Eating:

I’ve also been experimenting with cycling through a few recipes during the week for food. I eat the same thing for breakfast, since I am not a morning person at all, and lunch and dinner involve a 3-4 basic options made from the same base of ingredients. This way, I get variety but within a limited context so I’m not overwhelmed. Each week I change the basic ingredients.  LearnVest founder Alexa Von Tobel says that eating the same thing every, increases her productivity.

General Routines:

I took a deeper look at my calendar and implemented stricter control over my time. I now only take calls and meetings on certain days. I do the bulk of my planning during my weekly Sunday Check-In, to take into account the unpredictability of travel and client work. This ensures I can stick to my routines without having them fall apart the second something unexpected arises.

 

VERDICT: Overall, while I’ve been a fan of routines for a long time, automating some of the smaller tasks was something I hadn’t really tried before. I noticed big improvements in my productivity, but more importantly, my mood. I was happier, and I felt more at ease and less stressed out. I hadn’t realized before how much of my cognitive bandwidth I was wasting on these small-ticket decision items.

Other Resources I Found: 

This LifeHacker article suggestions making important decisions early in the day.

99u goes into more details about Barack Obama’s routine, including his 7:30am daily work out.

Time Magazine offers an easy fix for decision fatigue: making things fun.

 

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How I reclaimed my FOMO and saved my creativity

This post, is a part of my thinking and research for my new book, centred around the tensions between productivity and creativity. You can follow other related entries here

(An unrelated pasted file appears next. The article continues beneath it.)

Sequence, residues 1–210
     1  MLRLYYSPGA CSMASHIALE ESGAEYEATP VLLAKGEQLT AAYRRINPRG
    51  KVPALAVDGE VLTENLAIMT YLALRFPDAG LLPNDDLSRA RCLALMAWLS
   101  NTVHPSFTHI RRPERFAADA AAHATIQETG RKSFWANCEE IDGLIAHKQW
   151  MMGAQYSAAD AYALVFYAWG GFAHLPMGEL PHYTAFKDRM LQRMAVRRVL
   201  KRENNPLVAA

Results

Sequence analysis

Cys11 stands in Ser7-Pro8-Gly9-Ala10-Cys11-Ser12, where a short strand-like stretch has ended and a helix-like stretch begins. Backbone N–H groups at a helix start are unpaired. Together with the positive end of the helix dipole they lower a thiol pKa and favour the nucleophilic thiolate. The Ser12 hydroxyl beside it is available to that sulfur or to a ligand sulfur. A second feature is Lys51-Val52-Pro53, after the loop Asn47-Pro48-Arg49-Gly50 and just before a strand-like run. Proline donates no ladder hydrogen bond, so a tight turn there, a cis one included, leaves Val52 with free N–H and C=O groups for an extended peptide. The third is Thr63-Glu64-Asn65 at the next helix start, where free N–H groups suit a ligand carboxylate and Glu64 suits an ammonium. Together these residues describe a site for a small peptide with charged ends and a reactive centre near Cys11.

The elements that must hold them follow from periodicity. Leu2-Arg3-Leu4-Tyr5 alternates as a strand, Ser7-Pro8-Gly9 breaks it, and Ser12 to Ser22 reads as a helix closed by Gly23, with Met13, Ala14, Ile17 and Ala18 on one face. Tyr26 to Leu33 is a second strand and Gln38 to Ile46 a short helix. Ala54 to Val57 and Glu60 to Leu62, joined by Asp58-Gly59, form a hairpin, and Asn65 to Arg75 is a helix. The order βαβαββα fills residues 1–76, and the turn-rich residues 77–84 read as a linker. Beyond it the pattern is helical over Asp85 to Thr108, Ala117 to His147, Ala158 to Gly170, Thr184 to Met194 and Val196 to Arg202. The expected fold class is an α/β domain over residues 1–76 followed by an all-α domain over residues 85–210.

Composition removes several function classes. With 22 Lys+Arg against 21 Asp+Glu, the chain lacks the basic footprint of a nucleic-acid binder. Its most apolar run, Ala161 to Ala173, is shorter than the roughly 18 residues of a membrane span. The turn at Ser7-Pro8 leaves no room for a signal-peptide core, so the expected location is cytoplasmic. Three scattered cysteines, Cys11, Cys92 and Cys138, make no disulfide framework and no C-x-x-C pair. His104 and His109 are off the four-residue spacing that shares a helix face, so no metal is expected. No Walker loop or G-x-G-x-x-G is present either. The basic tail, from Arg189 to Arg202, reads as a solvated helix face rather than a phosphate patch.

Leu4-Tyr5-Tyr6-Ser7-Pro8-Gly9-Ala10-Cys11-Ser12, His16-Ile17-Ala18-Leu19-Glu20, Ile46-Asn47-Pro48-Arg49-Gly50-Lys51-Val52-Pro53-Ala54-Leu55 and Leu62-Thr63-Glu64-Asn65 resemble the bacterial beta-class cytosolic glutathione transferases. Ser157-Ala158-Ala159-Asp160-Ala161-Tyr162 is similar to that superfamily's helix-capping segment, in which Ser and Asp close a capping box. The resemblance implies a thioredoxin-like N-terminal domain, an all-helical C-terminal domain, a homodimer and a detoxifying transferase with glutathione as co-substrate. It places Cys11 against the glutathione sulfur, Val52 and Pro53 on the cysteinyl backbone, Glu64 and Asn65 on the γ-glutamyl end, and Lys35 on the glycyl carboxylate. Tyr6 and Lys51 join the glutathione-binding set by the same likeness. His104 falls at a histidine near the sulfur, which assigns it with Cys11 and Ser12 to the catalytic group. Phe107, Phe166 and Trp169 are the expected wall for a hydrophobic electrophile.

Everyone is so busy. And I don’t blame us. We live in a world where there is an endless supply of things to take up our time.  Meetings, phone calls, work, the Internet, Facetime, Social Media. We are drowning in a sea of possibilities where there is always another thing to read, another event to attend, another great friend to meet. And yet, the “busier” I got, the worst I felt.

There were days when I ran all over the place, caught up in meetings and coffee dates and social obligations. Answering yet another email about another event hosted by another great person.  Don’t forget to walk the dog, and hit the gym.  Not to mention upholding the minimum requirements to keep my Responsible Grown Up card valid: laundry, grocery shopping, house cleaning. What’s that? You want to take a hip hop class? Take a few music lessons? Learn to paint? Sure, I’ll just add it to the list.

But wait- what about the work? You know, the creative work that feeds your soul? The ideas that need expressing? The creative legacy you’re supposed to be building? Where does that fit in to this jumble of busyness? Why is it that at the end of the day, I sometimes feel like I ran a marathon but didn’t take a single step in the right creative direction? I had become too busy for my own creativity.

Figure out the Non-Negotiables

I realized that I had a budget of what I called “effort-points,” an energy currency that corresponded to the amount of effort I had to expend to do something. Let’s say I have 50 points. Going to the gym? 5 points. Each coffee meeting? 3 points. Cleaning the apartment? 10 points. Cooking an amazing dinner from scratch? 8 points. Waking the dog? 1 point. Writing is probably the biggest expenditure: 30 points. And this was only a tiny sample of the things I needed to do.

It turns out I was trying to spend way over my budget. I simply couldn’t continue to treat my energy like a never-ending resource because it was only leaving me exhausted and unhappy.  The distinction here is that we’re not being constrained by time, but by energy. I was wasting my points on small ticket items and leaving myself without enough points to fuel my creativity. That was a depressing realization, so I decided it was time to try another approach.

I made a giant list of everything that I needed to do. My own to-do list, combined anything and everything that was being asked of me. Whether it was a social obligation or an someone wanting to network over coffee, I wrote it down. Then I put that list aside for the moment.